( , ) ( ) ( ) 0
0 0 1
c s
R z s c
 
  
÷ (
(
=
(
(
¸ ¸
(23)
By obtaining the time derivate of the equation (22) and multiplying by �
�
��� �� we have:
( , )
1 2
T
R z P
i i i
 e e = × + × a b
i i
(24)
Where �
�
is velocity of the end effector in the ��� coordinate system, �
�
� �
�
�
�
�
�
���������
, �
�
� �
�
�
�
�
�
����������
and �
��
, �
��
are the angular velocities of the links 1 and 2 of the � limb. Observe that �
��
and
�
��
are passive variables (they are not actuated) thus to eliminate the passive joint speeds
(�
��
) we dot multiply both sides of eq. (24) by �
�
. By means of the properties of the triple
product (�
��
� ����� � ��� � ���� � ��� � �
��
� and �
��
� ����� � �
��
� � ���� � ��
��
� �
��
� � � ) is possible to obtain:
( , ) ( )
1
T
b R z P
i i
 e
(
· = · ×
(
¸ ¸
i i
a b
(25)
From Fig. 2 elements of above equation are:
( )
( )
1
0
1
c
i
a
s
i
u
u
(
(
(
=
(
(
¸ ¸
a
i
;
( ) ( )
( )
( ) ( )
3 1 2
3
3 1 2
s c
i i i
b c
i
s s
i i i
u u u
u
u u u
(
+
(
(
=
(
(
+
(
¸ ¸
b
i
and
0
1 1
0
i i
e u
(
(
= ÷
(
(
¸ ¸
(26)
All of them are expressed in the � �coordinate system. Substituting equations in (26) into
(25) and after operating and simplifying we have:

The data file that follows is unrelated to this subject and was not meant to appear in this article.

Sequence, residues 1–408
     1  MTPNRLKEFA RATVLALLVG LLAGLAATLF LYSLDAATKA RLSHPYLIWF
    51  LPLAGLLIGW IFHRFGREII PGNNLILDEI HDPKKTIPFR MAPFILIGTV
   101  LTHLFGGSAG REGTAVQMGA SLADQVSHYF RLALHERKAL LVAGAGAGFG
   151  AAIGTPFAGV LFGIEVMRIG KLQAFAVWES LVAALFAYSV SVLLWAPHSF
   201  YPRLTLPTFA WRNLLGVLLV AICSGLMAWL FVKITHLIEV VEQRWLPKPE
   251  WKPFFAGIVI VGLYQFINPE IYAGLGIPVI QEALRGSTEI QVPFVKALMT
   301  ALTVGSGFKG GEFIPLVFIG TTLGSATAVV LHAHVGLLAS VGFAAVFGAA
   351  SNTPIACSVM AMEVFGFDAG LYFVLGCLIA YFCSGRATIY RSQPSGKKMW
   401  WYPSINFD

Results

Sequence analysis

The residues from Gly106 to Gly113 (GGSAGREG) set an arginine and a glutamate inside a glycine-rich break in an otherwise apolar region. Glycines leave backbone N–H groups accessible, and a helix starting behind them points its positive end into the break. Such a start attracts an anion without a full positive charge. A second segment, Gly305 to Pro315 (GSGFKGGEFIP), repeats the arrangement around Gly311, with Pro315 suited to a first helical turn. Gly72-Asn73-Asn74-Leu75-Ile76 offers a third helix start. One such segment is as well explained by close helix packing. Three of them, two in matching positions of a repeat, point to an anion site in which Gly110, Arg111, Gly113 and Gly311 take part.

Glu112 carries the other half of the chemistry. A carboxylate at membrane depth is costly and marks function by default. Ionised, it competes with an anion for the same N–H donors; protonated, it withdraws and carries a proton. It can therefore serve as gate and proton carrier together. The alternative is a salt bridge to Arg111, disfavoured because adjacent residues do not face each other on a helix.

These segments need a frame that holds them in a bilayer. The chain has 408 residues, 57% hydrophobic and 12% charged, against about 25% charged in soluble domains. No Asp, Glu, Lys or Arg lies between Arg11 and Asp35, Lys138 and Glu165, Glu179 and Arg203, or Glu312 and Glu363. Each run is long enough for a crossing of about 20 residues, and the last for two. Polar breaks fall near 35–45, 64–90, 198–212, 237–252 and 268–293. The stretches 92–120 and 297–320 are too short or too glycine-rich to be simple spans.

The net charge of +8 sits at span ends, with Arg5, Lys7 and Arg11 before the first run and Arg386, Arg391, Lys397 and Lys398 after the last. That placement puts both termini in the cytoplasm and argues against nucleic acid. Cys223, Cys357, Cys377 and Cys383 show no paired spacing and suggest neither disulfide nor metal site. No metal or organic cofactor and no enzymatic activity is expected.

( ) ( ) 0 0
1 1 1 1 1
2 1 3 1
0 ( ) ( ) 0
2 2 2 2 2 3 2 1 2
0 0 ( ) ( )
2 3 3 3
1 3 3 3 3
m m m P
s s
x y z x
m m m P a s s
x y z y
s s
m m m
P
x y z
z
u
u u
u u u
u u
u
( (
(
(
( (
(
(
( (
( = (
( (
(
(
( (
(
(
¸ ¸
¸ ¸ ( (
¸ ¸ ¸ ¸
(27)
Where
( ) ( ) ( ) ( ) ( )
( ) ( ) ( ) ( ) ( )
( ) ( )
1 2 3 3
1 2 3 3
1 2 3
m c s c c s
i x i i i i i i
m c s s c c
i y i i i i i i
m s s
i z i i i
u u u  u 
u u u  u 
u u u
= + ÷
= + +
= +
(28)
Note that the right and left part of the eq. (27) represents the inverse and direct Jacobians
respectively. An inverse kinematic singularity occurs whenߠ
ଶ
ൌ Ͳݎߨ or ߠ
ଷ
ൌ Ͳݎߨ, see
Fig. 5 a) and b). On the other hand direct kinematic singularities occur when rows of the left
matrix become linearly dependent. The above is:
0
1 1 2 2 3 3
k m k m k m
( ( (
+ + =
¸ ¸ ¸ ¸ ¸ ¸
Where
1
k ,
2
k ,
3
k e9 and not all are cero
(29)
Equation (29) is not as clear as the right part of the equation (27) but we can identify a
group of direct kinematic singularities when the last column in the three rows is cero, this is:
( ) ( ) ( ) ( ) ( ) ( ) 0
1 1 2 1 3 1 1 2 2 2 3 2 1 3 2 3 3 3
s s s s s s u u u u u u u u u + = + = + =
When
0
1 2 i i
u u + = or t = ¬ =1, 2, 3 i or when u =0
3i
or t = ¬ =1, 2, 3 i
(30)
a) b)
MechatronicSystems,Simulation,ModellingandControl 128
c) d)
Fig. 5. a) Inverse kinematic singularities ifࣂ
ൌ . b) Inverse kinematic singularities
whereࣂ
ൌ Ǣ ൌ ǡ ǡ . c) Direct kinematic singularity ifࣂ
ࣂ
ൌ Ǣ ൌ ǡ ǡ . d)
Combined kinematic singularity if ࣂ
ൌ Ǣ ࣂ
ൌ Ǣ ࣂ
ൌ Ǣ ࣂ
ࣂ
ൌ Ǣ ࣂ
ࣂ
ൌ
andࣘ
ࣘ
ൌ . Note that the robot presents a combined singularity if three
anglesࣂ
ൌ Ǣ ൌ ǡ ǡ consequently case c) is a combined singularity (ࣂ
ൌ Ǣ ࣂ
ൌ
). Note that the design of the robot plays a very important role because singularities can